Where is God? How do we know God? God designed human beings to experience him through community. In the beginning he created Adam and he determined that it was not good for Adam to be alone. So he then created a partner for him, someone with whom to share his life. These are the very beginning stages of community. And it has evolved over the years. But it is communities that build us, and help us truly experience the Holy every day. Human beings are social creatures. We are designed to live together. Initially, it was for protection and survival. But we learned that we could do more as a community then we could do as individuals. In community, we can work off of each other’s skills and strengthens and they can work with ours. In community, we are able to share each other’s burdens and worries and to share in each other’s successes as well.
My step grandmother is from South Dakota, and she often talks of the culture shock she went through when she first came to Connecticut in 1983. She came from a very small town called Norris. Her nearest neighbor is five miles away. Among the many differences she experienced, community and strict road rules were at the top of her list of challenges. It was always an interesting ride in her car to say the least. Stop signs were optional and she regularly hit things while backing up.
But it was her community she missed the most. They had a very tightly knit community. They often shared their produce from their farms and ranches. They opened their homes to guests at a moment’s notice. As she ages, the community still stops in to check up on her and to take care of her needs. She would meet with her church group multiple times a week and each time someone else would take the lead of their group. When we went out there in 1986, she introduced us to her community family and we were accepted with open arms. If we were a part of her family then we were unquestionably a part of theirs. She said she missed that warmth when she came to Connecticut. She felt as if she had to prove herself to find acceptance in a community. There wasn’t that same kind of openness to strangers.
Perhaps community doesn’t hold that same importance in Connecticut as it does out west. As someone born and raised a New Englander, I have always felt kind of defensive when people say we aren’t warm and accepting. But this week, I have taken these words and turned them around in my head and mulled them in my heart. Perhaps, she had a point. I know I would be hesitant to invite someone I have never met into my house for dinner. I have been hesitant when it comes to broadening the definition of family. And I have asked myself, “Am I a product of the community I was raised in?” I think in many ways we all are. I think sometimes we might worry over protecting that community we hold on to so tightly and in the process may close ourselves off to the possibilities of God in the new relationships that present themselves.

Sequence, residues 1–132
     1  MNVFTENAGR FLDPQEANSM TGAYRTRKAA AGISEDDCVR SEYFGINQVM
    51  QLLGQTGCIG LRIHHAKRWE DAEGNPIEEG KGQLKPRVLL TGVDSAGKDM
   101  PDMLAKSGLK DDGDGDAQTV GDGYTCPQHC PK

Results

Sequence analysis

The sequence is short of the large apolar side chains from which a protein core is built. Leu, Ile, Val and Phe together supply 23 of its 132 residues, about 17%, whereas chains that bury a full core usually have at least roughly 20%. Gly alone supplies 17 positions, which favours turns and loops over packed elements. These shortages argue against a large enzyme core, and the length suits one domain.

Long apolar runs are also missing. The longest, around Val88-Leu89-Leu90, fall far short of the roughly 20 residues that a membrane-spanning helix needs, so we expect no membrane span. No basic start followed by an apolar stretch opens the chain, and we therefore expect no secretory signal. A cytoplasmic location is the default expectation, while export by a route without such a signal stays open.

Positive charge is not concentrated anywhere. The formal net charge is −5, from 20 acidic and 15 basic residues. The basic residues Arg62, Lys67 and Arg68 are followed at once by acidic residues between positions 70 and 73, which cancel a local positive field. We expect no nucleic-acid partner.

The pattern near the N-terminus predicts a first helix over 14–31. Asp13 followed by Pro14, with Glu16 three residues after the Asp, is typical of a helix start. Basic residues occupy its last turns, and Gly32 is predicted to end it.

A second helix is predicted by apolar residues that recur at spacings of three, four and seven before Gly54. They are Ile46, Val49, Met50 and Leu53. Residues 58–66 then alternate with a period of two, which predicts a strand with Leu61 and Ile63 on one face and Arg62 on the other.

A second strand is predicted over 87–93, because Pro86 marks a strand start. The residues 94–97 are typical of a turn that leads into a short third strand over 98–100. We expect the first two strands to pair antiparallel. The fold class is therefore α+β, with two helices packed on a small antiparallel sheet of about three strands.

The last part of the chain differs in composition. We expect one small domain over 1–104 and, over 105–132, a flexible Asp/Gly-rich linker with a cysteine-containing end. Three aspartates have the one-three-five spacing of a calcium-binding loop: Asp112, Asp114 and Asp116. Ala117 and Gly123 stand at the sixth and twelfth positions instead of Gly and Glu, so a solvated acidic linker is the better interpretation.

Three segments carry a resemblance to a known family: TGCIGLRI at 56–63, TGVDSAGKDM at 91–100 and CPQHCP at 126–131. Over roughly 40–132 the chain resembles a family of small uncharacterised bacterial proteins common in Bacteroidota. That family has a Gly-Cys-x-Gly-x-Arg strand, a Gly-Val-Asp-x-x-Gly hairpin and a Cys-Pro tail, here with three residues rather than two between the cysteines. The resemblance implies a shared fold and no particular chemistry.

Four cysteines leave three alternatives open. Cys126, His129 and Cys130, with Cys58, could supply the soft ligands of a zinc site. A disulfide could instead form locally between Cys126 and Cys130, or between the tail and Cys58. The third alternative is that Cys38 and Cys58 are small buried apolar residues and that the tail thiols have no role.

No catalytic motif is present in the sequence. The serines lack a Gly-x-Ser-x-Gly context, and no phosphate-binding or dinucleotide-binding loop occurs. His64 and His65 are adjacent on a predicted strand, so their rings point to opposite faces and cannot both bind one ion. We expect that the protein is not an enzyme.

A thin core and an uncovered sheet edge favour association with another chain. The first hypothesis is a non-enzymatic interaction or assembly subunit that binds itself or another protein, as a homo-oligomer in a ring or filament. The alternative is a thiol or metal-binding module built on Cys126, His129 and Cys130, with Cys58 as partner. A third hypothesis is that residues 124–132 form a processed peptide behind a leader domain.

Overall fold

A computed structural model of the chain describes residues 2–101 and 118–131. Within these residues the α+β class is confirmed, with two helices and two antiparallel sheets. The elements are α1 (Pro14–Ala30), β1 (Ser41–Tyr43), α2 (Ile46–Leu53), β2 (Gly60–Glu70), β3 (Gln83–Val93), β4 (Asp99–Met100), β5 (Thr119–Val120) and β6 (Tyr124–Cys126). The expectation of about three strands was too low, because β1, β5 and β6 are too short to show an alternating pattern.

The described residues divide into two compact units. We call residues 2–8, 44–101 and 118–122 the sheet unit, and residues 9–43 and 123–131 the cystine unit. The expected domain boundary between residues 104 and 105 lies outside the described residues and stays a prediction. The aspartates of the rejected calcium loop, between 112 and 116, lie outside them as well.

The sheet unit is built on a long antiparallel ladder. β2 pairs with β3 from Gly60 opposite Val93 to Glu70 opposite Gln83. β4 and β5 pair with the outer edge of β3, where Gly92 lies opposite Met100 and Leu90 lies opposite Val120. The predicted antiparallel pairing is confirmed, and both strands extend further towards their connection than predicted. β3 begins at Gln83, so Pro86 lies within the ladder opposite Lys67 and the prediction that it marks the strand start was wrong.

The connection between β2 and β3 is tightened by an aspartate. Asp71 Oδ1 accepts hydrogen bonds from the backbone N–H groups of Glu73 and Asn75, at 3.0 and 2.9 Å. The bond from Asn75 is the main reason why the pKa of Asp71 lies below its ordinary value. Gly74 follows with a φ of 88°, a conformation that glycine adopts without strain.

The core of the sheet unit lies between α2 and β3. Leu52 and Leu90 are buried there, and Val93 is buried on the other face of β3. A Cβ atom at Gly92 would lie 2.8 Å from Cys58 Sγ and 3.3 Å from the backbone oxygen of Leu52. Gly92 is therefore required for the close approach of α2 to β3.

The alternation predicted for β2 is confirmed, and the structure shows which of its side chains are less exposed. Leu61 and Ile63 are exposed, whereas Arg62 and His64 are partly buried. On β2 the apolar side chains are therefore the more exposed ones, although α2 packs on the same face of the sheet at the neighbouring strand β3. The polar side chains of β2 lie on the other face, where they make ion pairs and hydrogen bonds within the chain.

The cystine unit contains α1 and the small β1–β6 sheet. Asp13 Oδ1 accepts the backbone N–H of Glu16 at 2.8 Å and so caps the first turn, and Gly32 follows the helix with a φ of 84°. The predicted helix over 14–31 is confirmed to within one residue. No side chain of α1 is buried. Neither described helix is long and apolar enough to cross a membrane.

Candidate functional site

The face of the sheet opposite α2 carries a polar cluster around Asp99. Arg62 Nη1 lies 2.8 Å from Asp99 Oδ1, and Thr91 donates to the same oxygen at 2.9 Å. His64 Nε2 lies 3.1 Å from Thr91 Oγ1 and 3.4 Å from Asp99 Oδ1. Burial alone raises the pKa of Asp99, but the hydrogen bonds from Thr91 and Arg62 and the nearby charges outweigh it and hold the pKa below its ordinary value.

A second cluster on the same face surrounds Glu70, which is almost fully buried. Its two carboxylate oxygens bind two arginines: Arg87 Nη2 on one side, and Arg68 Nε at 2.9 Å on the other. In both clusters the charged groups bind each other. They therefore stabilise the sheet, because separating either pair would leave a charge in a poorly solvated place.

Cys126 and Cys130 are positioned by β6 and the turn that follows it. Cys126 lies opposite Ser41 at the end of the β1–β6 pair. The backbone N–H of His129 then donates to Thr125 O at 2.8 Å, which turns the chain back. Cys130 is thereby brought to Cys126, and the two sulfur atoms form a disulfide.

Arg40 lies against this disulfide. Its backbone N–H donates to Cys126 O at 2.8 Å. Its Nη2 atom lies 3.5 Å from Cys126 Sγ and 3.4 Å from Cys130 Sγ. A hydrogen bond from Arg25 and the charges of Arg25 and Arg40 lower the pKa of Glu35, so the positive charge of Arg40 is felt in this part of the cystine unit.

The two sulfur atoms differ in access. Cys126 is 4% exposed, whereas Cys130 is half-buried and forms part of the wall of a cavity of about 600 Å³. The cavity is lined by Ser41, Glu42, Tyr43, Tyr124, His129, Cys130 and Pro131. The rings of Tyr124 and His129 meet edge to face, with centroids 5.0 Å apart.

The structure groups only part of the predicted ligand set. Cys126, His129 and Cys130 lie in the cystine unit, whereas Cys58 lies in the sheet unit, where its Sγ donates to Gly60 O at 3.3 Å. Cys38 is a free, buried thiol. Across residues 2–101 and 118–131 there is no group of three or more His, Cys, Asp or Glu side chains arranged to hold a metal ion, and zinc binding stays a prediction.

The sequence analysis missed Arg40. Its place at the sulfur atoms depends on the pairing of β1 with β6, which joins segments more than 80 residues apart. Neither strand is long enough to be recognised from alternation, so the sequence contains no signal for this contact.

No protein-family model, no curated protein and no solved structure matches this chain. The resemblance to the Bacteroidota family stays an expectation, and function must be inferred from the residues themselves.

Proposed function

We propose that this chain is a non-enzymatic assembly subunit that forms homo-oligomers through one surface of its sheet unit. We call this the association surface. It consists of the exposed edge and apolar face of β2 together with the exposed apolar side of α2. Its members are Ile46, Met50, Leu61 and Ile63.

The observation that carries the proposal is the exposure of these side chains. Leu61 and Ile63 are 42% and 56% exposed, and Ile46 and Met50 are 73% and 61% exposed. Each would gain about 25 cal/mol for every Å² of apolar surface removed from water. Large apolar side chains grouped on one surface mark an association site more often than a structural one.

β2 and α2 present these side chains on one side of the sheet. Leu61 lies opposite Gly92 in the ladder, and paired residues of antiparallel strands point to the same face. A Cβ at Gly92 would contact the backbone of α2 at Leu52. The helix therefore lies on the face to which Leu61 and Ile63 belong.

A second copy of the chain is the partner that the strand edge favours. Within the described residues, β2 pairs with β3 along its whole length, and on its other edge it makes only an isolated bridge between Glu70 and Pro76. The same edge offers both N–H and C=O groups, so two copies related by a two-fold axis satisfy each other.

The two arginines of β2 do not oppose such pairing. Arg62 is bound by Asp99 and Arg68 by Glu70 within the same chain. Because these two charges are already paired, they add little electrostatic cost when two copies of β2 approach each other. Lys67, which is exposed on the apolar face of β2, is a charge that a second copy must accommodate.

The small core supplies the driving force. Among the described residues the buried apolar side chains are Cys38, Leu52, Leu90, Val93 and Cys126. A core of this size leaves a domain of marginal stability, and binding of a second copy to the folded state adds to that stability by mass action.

The early Christian Communities of the New Testament particularly in the book of Acts had a very specific idea about what community was to look like and how it was going to behave. We see in chapter 2 that the first converts took this call to community very seriously, “They devoted themselves to the apostles’ teaching and fellowship, to the breaking of bread and the prayers”. They were called further to give up their possessions and to sell their property so that through sacrifice and equality they could find the true interconnectedness offered to humanity through Christ, through community. For some of us this is very difficult to achieve. Many people by nature are creatures of solitude and look to find faith internally and not in unity.
God calls to us from the pages of our scripture in both the Old Testament and the New to work towards unity; to work towards connectedness. We are taught that the church is the body of Christ. This metaphor is an important one because a body needs to work together for success and needs to communicate through the brain so we can achieve the task we have set before ourselves. If you have ever pulled a muscle, you realize just how interconnected your bodies are and how miserable they can make life when something gets out of whack.
It is the same with community. As a community in Christ we are his body. As Andy Rau from Biblegateway says “we are his hands and feet in this world”. If we are to work for Christ, we do so together and through unity. If we are to gain an understanding of God in this world, then we do so through each other. We are called to be interconnected with one another. We are called to find God in our relationships. We are called to take the time to open ourselves to someone new and to invite them into our spiritual home, our spiritual family, our spiritual community. So go forth and ask yourselves if you have placed barriers between yourself and God’s call to community? And if so is there a way to become more connected? If you feel as if you can’t find God then look towards your relationships and search for him there.
 Acts 2: 42, NRSV.
(based on Acts 2: 32-47, RSV)